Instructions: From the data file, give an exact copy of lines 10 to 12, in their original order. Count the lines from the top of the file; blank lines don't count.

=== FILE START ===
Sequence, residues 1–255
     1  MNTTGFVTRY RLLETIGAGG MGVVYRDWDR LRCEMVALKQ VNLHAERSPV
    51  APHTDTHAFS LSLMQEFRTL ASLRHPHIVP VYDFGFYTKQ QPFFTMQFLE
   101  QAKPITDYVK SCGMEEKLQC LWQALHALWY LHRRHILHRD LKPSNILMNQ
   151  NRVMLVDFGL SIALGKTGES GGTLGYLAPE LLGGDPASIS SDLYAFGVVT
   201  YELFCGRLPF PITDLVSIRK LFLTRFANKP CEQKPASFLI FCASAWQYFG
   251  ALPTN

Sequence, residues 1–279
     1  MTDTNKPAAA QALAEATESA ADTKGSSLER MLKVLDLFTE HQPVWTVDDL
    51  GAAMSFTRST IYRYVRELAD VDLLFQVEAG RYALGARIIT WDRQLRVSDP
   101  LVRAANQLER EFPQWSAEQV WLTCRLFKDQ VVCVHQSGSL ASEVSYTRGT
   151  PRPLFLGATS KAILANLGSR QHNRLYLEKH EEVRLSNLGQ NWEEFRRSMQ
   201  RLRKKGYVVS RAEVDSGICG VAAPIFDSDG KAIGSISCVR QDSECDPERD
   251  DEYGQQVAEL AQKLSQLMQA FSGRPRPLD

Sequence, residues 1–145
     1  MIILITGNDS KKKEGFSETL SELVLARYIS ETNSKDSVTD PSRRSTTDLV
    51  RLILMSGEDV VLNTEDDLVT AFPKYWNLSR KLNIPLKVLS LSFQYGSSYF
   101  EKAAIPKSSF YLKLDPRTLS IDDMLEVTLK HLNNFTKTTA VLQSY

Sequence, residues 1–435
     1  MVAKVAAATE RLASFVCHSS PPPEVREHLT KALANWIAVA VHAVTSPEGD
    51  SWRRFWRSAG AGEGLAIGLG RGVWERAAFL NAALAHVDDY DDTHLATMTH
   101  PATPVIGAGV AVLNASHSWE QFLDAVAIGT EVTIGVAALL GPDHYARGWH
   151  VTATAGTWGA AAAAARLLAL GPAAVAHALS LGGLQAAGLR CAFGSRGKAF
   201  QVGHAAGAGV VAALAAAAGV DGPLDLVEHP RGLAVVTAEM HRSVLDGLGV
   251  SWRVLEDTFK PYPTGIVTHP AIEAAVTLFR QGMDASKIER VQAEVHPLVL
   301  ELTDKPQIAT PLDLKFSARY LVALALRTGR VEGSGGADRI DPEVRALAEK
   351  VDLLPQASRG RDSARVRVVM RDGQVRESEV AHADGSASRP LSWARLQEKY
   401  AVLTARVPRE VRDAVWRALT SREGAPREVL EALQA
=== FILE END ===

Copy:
    51  GAAMSFTRST IYRYVRELAD VDLLFQVEAG RYALGARIIT WDRQLRVSDP
   101  LVRAANQLER EFPQWSAEQV WLTCRLFKDQ VVCVHQSGSL ASEVSYTRGT
   151  PRPLFLGATS KAILANLGSR QHNRLYLEKH EEVRLSNLGQ NWEEFRRSMQ